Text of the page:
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WTF is Shibari?

Shibari

Image: creativereview.co.uk

 

Shibari = to tie

 

Shibari is a Japanese word that came into common use in the West in the 1990s to describe the erotic bondage art Kinbaku (the beauty of tight binding).

 

If you’re still thinking “SRSLY WTF, MORE STRANGE WORDS?!” then please, do read on so we can enlighten your curious mind 😉

 

As you may have seen already on the big bad internet, Shibari is a type of rope bondage that is often practised within the BDSM community. It originally started out as Hojōjutsu (a form of imprisonment / torture in Japan) before it later merged into the erotic bondage art Kinbaku in the late 19th and 20th centuries. In Shibari, the Nawashi (rope artist) creates patterns and shapes with the rope that purposely contrast with the female’s natural curves; the juxtaposition of the tight, textured ropes and the soft, bare skin creates a visual and sensual masterpiece. The model typically feels pleasure from ties across her breasts, va-jay-jay(!) and other sensitive areas and in many cases, the model is involved in suspension which means she is hanging from the ceiling. Erm, can someone please explain to us why ‘Spiderwoman’ is not a thing yet?! #girlpowerandthat…

 

Many people use the terms Shibari and Kinbaku interchangeably although some suggest that Shibari specifically refers to the aesthetic rope bondage while Kinbaku describes the whole ‘sexual’ experience.  We’ve put the word sexual in inverted commas because it isn’t always a sexual experience.

 

@Sophia.Shibari on Instagram explains that “it is so many things; whatever the two people connecting in that moment sharing energy want it to be…erotic, artistic, playful, tough, comforting, loving. Allowing someone to tie you up and move your body takes a special kind of trust, to be put in a potentially vulnerable position, but also gives you freedom and safety to express and explore your innermost desires and feelings.”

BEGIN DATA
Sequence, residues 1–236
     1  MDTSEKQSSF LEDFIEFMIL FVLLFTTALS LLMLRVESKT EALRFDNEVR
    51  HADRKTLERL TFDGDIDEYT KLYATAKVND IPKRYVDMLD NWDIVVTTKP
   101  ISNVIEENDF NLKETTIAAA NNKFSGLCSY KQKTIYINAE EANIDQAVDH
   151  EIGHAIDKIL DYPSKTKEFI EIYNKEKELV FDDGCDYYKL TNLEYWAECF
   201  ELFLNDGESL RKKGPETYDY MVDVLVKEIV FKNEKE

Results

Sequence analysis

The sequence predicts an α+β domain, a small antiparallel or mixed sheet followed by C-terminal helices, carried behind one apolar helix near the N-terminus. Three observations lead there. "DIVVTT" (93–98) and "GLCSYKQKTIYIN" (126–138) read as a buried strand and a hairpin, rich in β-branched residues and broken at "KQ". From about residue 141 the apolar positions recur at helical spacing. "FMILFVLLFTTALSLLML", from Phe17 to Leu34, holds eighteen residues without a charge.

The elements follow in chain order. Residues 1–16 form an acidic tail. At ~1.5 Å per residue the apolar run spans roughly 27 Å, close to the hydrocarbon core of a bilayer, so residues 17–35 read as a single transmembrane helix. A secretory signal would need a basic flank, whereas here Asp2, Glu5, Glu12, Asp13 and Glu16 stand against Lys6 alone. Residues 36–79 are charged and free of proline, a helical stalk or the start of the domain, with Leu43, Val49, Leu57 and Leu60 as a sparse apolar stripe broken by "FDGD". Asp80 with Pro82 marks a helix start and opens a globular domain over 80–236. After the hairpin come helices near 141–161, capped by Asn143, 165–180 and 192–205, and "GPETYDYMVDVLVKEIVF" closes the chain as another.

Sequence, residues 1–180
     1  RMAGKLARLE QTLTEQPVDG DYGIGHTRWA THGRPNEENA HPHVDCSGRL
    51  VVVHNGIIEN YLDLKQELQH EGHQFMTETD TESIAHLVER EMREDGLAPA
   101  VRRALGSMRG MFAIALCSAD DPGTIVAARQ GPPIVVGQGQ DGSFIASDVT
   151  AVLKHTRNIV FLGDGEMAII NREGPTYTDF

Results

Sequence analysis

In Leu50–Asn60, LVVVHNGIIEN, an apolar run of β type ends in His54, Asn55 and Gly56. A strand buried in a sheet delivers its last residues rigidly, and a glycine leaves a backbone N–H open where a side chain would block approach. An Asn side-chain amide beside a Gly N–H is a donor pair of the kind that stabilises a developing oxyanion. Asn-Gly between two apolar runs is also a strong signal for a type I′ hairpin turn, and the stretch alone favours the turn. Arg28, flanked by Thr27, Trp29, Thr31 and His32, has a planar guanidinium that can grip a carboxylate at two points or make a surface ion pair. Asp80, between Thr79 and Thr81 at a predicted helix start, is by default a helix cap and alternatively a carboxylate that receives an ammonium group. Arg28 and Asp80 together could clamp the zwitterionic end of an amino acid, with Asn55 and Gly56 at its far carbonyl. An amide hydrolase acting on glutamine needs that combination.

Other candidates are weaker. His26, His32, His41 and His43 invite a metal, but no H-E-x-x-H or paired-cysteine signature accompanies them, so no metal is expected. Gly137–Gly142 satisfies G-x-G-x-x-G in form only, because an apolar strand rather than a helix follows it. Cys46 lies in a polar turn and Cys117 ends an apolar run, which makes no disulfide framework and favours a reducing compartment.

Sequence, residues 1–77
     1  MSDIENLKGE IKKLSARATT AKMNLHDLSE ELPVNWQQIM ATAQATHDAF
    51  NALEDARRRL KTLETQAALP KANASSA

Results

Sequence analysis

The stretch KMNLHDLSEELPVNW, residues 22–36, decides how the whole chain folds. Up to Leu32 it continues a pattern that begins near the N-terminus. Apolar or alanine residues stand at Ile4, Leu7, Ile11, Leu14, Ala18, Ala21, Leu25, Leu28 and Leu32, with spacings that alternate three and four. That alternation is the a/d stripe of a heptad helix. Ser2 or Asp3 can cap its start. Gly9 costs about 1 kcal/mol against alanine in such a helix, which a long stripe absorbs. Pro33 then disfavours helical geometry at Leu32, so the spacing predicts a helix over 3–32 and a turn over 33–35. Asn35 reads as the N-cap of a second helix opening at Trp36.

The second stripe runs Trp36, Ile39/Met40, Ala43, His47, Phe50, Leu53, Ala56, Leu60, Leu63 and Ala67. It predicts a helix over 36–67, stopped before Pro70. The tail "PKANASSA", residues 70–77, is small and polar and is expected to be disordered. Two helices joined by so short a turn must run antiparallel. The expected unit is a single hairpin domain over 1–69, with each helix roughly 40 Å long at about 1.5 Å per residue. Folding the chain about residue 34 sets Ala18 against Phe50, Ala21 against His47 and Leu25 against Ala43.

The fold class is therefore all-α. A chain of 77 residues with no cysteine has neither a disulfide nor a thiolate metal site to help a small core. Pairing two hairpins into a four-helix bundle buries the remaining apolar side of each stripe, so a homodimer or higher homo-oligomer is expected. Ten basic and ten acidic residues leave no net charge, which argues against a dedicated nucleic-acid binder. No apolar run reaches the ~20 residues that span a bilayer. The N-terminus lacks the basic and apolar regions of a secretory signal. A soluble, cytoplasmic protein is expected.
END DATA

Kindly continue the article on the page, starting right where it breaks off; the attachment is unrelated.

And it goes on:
Sophia Shibari

Image: @sophia.shibari, tied by @fred.r.hatt, photo by @missannabones

 

Also, unlike many forms of bondage and submission, Shibari isn't necessarily meant to evoke a sense of helplessness for the person who's tied up. Instead, it primarily focuses on the visually aesthetic art and geometry of the relationship between the artist, the body and the rope itself. The art of arranging the ropes and knots on the female’s body to stimulate certain pressure points is derived from Shiatsu (a form of Japanese massage) and the rope becomes an extension of the Nawashi’s hands and is used to communicate. Who knew you could communicate without using emojis, huh 🙄

 

Amazingly, it’s possible for the female to enter a trance-like state as her hormone levels increase. The term "rope drunk" has been used to describe the state of recovery from a Shibari session - no tequila needed! We know what we’re doing Friday night…

 

Check out this video about basic seated suspension and we also recommend taking a class before trying anything yourself!

 

Cover Image: The Japan Diaries

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